Over the last few weeks, seventh graders have been exploring the idea of what it means to be an active listener. Building on our recent activities with practice of listening with our peers, today we took the experience in a new direction by exploring the idea of being an active listener in nature. Taking advantage of the beautiful weather, we went to our outdoor classroom and each person found a spot where they were not within eye-sight of anyone else and sat for 20 minutes in silence. As the activity carried on, man-made noises came into the picture and heightened our experience. After the time was up, we reconvened as a group and talked about the experience. Many commented on noticing that as they sat, their hearing became attuned to the animals and leaves. Others noted the feeling of the wind and as they sat, the more they could feel the chill in the air. Many commented on how difficult the noise made the experience as more noise became a factor. The experience was a success. Students were able to heighten their senses and at the same time realize how busy our own lives are and how necessary it is to take the time to become attuned to nature. We ended our activity watching a short Ted Talk by Louie Schwartzberg on Nature and Gratitude which gave great closure to our activity.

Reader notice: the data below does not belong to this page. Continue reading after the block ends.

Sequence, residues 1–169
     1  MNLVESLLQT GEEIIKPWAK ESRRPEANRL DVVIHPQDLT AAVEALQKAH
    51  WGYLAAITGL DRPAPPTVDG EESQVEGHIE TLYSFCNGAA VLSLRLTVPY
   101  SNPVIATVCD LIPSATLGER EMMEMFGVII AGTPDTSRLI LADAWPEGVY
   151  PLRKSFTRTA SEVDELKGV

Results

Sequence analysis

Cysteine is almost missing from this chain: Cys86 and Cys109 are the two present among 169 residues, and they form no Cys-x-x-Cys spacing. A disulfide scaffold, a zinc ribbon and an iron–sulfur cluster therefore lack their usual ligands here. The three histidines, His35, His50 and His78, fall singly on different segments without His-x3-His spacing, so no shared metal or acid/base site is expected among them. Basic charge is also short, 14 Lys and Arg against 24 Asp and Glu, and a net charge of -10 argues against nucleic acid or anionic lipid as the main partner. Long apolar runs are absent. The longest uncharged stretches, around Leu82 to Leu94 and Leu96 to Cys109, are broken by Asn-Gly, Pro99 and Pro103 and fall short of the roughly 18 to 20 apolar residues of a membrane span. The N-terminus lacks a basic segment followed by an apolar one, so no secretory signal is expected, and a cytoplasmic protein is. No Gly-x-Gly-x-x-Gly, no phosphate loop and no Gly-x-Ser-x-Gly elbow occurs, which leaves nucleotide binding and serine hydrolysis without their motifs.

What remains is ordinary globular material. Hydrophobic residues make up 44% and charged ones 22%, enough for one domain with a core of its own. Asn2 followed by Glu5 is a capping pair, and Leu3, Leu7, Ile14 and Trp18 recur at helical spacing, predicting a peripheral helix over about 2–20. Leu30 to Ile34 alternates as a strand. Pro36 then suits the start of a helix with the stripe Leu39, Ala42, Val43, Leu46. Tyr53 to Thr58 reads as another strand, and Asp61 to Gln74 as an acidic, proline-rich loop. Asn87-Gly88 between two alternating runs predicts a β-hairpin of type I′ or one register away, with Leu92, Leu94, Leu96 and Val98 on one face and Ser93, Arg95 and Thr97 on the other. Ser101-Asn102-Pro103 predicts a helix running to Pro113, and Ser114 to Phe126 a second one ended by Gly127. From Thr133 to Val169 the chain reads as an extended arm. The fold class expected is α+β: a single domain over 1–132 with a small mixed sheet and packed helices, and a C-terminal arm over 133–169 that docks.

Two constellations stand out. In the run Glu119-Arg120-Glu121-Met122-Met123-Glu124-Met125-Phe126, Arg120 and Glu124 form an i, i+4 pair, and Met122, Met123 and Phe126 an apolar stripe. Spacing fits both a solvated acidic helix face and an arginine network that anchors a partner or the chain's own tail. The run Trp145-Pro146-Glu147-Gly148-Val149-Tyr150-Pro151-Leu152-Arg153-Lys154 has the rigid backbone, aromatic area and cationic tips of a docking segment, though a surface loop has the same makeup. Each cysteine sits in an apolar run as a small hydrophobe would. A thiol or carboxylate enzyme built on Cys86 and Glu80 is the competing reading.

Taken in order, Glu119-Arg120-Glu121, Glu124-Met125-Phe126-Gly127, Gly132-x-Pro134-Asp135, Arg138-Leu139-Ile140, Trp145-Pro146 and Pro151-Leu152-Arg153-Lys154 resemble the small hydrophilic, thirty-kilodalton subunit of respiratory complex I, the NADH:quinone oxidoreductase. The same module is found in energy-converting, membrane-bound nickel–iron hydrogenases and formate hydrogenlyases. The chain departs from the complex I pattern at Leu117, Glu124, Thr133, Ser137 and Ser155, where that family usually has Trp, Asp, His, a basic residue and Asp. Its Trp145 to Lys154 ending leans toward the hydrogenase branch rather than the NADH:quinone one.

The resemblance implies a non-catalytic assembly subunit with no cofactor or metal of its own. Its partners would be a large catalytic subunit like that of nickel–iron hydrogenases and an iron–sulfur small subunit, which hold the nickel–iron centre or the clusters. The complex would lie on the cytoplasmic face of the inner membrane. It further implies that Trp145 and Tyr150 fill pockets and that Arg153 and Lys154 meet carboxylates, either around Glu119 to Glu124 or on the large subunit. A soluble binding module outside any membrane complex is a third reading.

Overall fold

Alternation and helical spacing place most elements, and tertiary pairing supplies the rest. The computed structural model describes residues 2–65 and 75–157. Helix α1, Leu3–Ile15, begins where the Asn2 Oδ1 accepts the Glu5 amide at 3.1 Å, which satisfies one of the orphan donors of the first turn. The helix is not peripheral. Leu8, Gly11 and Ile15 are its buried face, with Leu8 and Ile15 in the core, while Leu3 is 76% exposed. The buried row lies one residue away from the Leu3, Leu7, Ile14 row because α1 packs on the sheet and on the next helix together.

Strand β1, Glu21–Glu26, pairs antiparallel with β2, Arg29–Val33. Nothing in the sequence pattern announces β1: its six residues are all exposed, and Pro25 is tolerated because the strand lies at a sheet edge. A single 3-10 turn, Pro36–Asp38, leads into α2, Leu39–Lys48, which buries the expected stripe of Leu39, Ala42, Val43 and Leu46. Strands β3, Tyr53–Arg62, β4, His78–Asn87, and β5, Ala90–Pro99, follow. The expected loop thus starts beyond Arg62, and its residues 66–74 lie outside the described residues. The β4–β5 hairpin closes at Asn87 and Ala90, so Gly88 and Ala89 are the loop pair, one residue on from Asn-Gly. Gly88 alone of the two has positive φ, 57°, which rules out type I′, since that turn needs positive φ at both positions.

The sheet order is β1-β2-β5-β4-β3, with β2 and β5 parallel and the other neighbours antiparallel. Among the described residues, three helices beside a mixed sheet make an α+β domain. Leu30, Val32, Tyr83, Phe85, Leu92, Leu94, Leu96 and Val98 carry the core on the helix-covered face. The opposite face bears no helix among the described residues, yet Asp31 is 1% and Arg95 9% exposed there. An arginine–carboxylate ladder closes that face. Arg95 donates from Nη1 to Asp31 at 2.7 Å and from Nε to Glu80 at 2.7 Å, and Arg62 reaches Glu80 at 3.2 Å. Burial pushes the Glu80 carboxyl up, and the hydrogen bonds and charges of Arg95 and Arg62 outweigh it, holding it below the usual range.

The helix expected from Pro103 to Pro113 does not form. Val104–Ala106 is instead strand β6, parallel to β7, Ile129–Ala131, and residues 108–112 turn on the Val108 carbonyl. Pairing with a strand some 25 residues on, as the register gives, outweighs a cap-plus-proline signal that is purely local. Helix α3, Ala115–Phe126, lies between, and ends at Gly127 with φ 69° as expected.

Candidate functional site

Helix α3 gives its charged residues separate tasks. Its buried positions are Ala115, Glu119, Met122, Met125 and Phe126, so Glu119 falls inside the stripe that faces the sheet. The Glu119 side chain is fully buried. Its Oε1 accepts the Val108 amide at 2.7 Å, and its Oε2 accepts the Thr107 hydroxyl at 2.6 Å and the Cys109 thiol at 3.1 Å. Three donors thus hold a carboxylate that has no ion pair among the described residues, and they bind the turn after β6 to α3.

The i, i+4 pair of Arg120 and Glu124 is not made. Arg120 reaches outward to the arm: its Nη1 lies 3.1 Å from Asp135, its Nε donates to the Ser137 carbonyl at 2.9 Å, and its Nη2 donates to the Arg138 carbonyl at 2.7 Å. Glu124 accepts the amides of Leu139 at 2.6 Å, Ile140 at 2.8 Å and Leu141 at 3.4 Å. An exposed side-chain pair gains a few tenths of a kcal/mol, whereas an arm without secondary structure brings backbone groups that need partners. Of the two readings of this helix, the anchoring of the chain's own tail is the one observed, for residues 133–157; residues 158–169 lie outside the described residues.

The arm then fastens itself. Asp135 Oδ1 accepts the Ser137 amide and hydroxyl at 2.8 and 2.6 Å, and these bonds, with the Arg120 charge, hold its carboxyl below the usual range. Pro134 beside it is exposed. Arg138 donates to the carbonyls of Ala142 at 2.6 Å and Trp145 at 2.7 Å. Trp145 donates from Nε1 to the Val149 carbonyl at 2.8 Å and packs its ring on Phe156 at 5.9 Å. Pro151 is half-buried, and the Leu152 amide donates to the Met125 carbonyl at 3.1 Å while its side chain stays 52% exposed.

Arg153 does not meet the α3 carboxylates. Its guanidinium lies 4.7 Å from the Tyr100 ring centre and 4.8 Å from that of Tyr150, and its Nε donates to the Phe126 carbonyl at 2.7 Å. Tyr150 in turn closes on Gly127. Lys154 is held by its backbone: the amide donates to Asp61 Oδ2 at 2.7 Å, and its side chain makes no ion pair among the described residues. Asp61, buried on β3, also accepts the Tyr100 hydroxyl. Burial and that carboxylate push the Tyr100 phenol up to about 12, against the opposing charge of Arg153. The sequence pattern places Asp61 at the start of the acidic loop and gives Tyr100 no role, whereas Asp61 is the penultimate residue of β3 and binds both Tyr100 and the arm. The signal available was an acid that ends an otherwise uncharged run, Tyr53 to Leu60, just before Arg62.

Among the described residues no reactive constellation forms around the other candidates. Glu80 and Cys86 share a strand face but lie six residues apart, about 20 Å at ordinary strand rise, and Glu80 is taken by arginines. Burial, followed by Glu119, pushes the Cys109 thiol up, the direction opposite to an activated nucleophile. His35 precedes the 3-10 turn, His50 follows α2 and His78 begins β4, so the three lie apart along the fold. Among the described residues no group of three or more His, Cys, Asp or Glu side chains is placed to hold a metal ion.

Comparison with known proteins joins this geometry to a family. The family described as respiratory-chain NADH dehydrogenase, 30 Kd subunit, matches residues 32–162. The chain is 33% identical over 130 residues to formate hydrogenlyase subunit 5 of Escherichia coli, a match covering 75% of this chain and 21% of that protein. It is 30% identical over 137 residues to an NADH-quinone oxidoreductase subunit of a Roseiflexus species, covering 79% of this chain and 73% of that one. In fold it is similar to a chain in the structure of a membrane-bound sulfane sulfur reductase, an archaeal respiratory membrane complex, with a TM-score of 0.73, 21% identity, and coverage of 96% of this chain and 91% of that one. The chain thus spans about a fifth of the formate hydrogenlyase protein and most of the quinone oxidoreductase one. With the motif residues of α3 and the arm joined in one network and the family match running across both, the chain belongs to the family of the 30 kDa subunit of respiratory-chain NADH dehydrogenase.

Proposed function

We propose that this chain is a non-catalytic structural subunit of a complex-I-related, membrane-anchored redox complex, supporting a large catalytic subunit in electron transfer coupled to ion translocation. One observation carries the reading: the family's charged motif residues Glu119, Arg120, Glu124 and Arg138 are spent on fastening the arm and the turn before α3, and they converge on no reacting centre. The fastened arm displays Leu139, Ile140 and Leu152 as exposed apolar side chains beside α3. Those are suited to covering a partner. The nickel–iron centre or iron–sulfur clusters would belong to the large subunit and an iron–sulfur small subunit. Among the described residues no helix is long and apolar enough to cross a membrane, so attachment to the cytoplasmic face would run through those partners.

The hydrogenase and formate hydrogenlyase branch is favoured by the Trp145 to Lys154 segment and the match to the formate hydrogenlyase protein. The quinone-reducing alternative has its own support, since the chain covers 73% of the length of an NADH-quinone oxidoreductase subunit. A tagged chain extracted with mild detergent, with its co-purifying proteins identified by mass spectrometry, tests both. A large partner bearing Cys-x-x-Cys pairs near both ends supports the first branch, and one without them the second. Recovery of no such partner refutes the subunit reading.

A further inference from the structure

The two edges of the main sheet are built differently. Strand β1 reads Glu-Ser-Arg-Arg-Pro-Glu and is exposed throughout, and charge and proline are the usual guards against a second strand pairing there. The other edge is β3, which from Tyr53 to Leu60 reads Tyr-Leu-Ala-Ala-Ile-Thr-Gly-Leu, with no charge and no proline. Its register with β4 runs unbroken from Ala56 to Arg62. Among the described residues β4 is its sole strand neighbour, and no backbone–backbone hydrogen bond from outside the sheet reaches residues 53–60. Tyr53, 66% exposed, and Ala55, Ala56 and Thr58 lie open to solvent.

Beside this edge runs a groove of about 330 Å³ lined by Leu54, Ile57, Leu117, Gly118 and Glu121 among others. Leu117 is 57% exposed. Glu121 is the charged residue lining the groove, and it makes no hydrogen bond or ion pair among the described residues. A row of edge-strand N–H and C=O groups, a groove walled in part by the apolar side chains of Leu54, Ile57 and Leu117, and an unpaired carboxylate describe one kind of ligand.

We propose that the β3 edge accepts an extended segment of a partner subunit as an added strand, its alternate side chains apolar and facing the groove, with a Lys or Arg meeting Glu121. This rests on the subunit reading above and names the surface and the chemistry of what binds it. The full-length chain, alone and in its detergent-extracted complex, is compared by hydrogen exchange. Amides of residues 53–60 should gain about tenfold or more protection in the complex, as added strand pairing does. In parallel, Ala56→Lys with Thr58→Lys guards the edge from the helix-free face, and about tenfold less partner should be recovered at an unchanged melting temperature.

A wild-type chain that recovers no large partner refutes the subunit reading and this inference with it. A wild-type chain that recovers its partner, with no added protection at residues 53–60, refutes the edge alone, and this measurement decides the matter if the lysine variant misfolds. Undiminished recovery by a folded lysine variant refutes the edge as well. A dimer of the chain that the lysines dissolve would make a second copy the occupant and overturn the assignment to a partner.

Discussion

Posted by Faith Barbuto
Halloween is the perfect backdrop to delve into fears! Together, our kindergarten community talked about the things that frighten us, discussing how what is scary to one person may not be to another. We pondered why people sometimes like being scared, how it feels to be scared and most importantly, how to deal with it. We wrote about and drew pictures of our nightmares and shared them as a group. During one activity, we took the drawings and stamped on them and crumpled them up, saying ” You aren’t real! You don’t scare me!” The crumpled up nightmares were hidden away in a closet for safekeeping. Another day we wrote about the scariest things we could think of – spiders, monsters, dying and I explained that being scared of things doesn’t make them go away, in fact worrying about them just makes them seem more real! Instead, we decided we would not let these things scare us! We gleefully ripped our papers into pieces and threw them into the air shouting, ” I am not afraid anymore!”
Posted by Krissy Ponden